This felt like the end of an era to me, and I said as much straight after the game. The atmosphere had felt strange from the start, and it was obvious what the outcome of anything less than a win would be. I heard the full-time boos, which the BBC described as thunderous, while crossing the bridge on the way back to Arsenal tube. It was only the second time I’ve left before the final whistle in three years of having the season ticket. In the past I’ve joined in with disgruntled chants, but today I couldn’t face it.
I couldn’t face the Black Scarf walk either, despite agreeing with their stated agenda almost in its entirety. Part of the reason is that I’m not hugely keen on the way that the movement’s spokespeople respond to any perceived attacks. I’m sure they get a lot of daft questions, and no doubt plenty of aggression from the more wild-eyed loyalists, but it strikes me that if you’re in the business of winning hearts and minds you need to be a bit less spiky about it.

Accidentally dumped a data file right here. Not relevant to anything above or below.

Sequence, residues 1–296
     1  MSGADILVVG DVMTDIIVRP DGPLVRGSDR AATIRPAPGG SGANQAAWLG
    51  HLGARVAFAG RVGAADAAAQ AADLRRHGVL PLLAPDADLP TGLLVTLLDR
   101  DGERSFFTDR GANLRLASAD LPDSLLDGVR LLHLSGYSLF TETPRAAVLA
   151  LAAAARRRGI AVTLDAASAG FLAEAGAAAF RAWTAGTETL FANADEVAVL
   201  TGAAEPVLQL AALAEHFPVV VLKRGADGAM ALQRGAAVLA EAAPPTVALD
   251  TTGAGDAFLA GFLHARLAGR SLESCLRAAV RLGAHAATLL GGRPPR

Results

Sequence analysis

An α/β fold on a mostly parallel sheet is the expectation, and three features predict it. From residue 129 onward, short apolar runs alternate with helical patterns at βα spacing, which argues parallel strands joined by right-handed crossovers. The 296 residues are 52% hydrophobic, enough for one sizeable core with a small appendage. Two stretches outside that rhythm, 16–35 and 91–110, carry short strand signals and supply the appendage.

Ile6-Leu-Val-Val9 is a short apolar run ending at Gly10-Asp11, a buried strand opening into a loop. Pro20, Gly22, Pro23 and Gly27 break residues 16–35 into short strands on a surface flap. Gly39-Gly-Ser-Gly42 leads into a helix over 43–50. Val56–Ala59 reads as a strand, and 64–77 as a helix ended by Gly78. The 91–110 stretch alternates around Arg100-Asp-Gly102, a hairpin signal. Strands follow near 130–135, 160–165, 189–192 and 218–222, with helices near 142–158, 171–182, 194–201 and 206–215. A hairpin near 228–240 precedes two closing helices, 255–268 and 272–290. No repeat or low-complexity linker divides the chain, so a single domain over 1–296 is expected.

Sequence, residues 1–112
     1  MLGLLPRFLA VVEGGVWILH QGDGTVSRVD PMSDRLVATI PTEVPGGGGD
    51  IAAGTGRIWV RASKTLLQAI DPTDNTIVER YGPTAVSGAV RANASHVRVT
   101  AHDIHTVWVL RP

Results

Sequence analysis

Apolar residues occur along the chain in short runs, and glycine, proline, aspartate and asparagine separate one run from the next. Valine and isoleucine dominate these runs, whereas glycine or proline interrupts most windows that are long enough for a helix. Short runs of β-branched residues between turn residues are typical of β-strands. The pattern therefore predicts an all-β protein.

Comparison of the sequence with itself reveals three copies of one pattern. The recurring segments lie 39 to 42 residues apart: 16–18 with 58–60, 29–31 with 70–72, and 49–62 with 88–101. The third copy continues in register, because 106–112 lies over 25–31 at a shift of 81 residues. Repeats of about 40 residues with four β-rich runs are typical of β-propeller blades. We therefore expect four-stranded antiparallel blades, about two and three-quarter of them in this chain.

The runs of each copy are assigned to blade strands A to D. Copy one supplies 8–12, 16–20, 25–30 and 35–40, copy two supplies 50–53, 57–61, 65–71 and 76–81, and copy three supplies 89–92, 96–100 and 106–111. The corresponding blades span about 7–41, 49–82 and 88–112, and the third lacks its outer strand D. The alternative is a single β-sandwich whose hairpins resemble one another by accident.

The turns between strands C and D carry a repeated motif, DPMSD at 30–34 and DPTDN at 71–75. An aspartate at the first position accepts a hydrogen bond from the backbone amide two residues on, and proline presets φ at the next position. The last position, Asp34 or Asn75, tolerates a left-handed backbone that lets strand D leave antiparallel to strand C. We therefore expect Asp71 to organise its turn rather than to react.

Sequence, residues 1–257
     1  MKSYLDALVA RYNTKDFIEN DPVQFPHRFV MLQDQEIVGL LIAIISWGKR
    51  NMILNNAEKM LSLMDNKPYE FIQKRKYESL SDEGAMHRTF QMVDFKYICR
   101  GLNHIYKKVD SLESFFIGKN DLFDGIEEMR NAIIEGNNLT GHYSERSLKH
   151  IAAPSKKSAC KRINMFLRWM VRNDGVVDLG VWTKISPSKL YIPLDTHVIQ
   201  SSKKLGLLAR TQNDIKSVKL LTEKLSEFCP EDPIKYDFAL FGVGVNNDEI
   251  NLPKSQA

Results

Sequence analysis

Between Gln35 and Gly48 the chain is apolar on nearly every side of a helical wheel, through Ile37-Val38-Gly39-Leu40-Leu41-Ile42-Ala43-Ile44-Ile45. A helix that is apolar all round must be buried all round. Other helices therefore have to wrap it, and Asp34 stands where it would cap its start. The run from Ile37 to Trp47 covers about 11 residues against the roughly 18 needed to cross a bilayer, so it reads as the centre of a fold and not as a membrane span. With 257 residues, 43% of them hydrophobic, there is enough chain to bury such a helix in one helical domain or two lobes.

For instance: I’ve seen a distinction drawn by their leaders between the away fans singing ‘we want our Arsenal back’ and the Black Scarf Movement’s own slogan ‘where has our Arsenal gone?’ You can barely slide a semantic cigarette paper between the two statements, and the former is clearly inspired by the latter, so why so coy? And why so coy on the manager? I would be amazed if you polled those who went on the walk, or visitors to the Black Scarf site, and found less than 75% thought the manager’s position is now up for question. It’s odd to dance around it when so many in the ground are discussing it openly.